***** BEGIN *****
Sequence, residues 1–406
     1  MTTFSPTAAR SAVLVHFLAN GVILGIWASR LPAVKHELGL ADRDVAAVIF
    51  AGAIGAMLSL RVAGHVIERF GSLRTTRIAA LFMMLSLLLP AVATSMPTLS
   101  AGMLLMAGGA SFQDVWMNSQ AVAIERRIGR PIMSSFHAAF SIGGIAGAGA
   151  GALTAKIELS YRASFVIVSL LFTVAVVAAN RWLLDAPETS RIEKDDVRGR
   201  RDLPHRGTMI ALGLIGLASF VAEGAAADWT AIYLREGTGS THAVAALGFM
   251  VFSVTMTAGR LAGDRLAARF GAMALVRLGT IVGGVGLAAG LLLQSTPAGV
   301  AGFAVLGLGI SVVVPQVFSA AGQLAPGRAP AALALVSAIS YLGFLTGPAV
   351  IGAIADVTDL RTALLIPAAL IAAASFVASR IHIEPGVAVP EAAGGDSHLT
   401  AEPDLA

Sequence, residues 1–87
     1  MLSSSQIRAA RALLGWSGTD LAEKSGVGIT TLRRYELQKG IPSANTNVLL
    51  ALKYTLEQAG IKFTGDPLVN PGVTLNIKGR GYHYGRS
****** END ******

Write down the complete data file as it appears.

Sequence, residues 1–406
     1  MTTFSPTAAR SAVLVHFLAN GVILGIWASR LPAVKHELGL ADRDVAAVIF
    51  AGAIGAMLSL RVAGHVIERF GSLRTTRIAA LFMMLSLLLP AVATSMPTLS
   101  AGMLLMAGGA SFQDVWMNSQ AVAIERRIGR PIMSSFHAAF SIGGIAGAGA
   151  GALTAKIELS YRASFVIVSL LFTVAVVAAN RWLLDAPETS RIEKDDVRGR
   201  RDLPHRGTMI ALGLIGLASF VAEGAAADWT AIYLREGTGS THAVAALGFM
   251  VFSVTMTAGR LAGDRLAARF GAMALVRLGT IVGGVGLAAG LLLQSTPAGV
   301  AGFAVLGLGI SVVVPQVFSA AGQLAPGRAP AALALVSAIS YLGFLTGPAV
   351  IGAIADVTDL RTALLIPAAL IAAASFVASR IHIEPGVAVP EAAGGDSHLT
   401  AEPDLA

Sequence, residues 1–87
     1  MLSSSQIRAA RALLGWSGTD LAEKSGVGIT TLRRYELQKG IPSANTNVLL
    51  ALKYTLEQAG IKFTGDPLVN PGVTLNIKGR GYHYGRS